Last night my roommate asked me if she should make sure I woke up on time. I thanked her for her kindness, but insisted that it’s impossible to oversleep three days in a row.
Today, well, I ate my words.
Burnout feels endemic when finals are less than two weeks away, dorm check-out is looming and summer internship supervisors are calling.
For me, it’s easy to forget why I brought all this upon myself. Why are any of us dealing with so many term papers, hard conversations with graduating friends and late caffeinated nights?
If I remember my September mindset correctly, it’s because after one, four or eight more years in the library, we want incredible careers.
And according to the TV stars I spoke to at The College Television Awards last month, enduring the next few weeks will pay off in a few short years.
Russel Hornsby, “Grimm” — Go for it.
“You’ve got to be true to yourself… then hone your skills, and everything else will come as you grow as a human being. When I was about 15, a friend of mine said, listen to me, be an actor – they don’t do anything! And I believed it. And I ended up in a school production and I obviously didn’t know anything, but I was in it, so I couldn’t turn back. And then I got to New York is realized I didn’t have any transferrable skills – all I could do better than anybody was like dress up like a pilgrim or Santa Claus or something, and put on a furry hat and scare kids and make them laugh or something. And I was like, well, now I have to stay. I’m stuck now.”
Rex Lee, “Entourage” — Evolve.
“Well, number one, never, ever, ever give up, especially in my industry. Never feel like you are done growing; always do everything you can to try to deepen yourself as a human and mature and have life experiences that are going to help you in your heart. Go forward and never feel like you’re done living, and do everything you can to continue living. Also, study abroad. I basically ran away from our country to decide what I wanted to do, and while I was in France I figured it out.”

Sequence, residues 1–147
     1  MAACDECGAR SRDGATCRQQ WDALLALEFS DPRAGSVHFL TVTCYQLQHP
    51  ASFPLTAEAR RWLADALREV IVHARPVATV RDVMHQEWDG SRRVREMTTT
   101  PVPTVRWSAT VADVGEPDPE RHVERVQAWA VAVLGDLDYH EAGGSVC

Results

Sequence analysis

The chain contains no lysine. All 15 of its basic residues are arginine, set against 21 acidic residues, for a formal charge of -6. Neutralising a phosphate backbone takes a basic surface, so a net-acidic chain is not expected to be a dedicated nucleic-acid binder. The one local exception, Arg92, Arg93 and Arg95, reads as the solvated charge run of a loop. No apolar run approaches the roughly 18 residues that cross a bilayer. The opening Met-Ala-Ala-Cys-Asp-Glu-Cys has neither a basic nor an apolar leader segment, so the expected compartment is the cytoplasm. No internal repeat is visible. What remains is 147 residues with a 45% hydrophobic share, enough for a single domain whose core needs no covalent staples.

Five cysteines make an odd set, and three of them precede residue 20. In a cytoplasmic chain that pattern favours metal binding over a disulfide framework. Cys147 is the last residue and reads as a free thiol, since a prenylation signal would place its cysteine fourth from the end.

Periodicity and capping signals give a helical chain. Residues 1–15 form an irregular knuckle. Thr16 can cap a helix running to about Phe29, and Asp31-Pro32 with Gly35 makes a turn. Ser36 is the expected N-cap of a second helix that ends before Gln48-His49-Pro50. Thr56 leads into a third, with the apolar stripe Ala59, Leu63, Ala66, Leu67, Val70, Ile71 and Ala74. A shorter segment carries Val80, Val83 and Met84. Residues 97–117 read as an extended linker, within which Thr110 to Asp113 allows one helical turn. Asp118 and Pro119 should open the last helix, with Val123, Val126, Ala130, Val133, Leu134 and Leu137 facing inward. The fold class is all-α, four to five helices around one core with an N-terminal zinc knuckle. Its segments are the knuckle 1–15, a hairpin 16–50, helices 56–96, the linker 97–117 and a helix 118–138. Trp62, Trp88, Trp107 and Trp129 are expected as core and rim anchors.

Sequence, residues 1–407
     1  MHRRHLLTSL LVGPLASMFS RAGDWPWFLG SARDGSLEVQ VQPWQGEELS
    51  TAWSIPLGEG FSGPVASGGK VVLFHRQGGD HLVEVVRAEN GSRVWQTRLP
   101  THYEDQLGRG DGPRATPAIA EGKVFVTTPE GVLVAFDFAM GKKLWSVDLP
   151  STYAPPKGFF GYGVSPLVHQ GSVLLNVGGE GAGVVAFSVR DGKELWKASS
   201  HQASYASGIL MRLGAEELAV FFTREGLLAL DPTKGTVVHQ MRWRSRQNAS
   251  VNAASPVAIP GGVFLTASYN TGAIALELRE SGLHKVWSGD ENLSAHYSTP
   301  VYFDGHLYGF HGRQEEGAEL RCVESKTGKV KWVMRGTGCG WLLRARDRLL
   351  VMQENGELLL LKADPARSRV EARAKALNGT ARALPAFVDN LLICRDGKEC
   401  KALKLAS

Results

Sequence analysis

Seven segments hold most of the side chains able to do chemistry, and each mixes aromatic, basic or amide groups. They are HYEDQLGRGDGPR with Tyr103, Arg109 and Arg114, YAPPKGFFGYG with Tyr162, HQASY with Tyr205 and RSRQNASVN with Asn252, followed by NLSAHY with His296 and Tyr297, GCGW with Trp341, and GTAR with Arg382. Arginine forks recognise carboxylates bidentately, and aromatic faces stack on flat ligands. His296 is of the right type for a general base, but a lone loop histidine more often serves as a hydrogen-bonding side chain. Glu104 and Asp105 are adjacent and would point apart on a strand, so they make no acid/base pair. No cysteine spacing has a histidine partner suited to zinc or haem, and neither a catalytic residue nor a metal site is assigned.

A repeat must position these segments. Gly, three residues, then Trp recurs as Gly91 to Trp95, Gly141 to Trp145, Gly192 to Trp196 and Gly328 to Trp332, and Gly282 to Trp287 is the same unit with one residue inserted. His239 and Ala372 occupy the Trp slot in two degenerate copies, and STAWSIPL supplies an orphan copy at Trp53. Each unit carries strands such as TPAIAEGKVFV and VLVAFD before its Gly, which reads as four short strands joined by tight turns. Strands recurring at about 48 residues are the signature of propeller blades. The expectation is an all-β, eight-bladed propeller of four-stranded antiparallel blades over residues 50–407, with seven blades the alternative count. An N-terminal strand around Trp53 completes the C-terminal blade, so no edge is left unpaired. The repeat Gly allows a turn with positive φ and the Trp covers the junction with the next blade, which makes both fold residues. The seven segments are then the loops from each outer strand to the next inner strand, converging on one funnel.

Studied music at Oberlin College
Lamorne Morris, “New Girl” — Leave when you’re ready.
“Just learn as much as you can, and leave when you can. Leave for an opportunity. Some people want to stay and do well and get good grades, but learn what you need to learn, because nobody can really teach you acting and filmmaking, the creative process. I feel like you go to school for the tools that you need, but then you use your own talent.”
Paul Blackthorne, “River” — Travel.
“Go and see the world. Get an idea of humanity, get an idea of people, and listen to them. I went wandering to see how people lived, you know, outside of our western circles. And then I ended up studying the psychology of acting for a couple years in London, and then here we are.”
Tony Hale, “Arrested Development” — Relax.
“There is so much pressure put on college students to figure it out, right up until they graduate. Take that pressure out. Because no one has that figured out, and life will unfold itself in time. I mean, I studied journalism and now I’m an actor. You have no idea where your life is going to go, but really try not to give into that pressure of figuring it out. Take it one step at a time and it will unfold.”
Studied journalism at Samford University in Birmingham, Ala.
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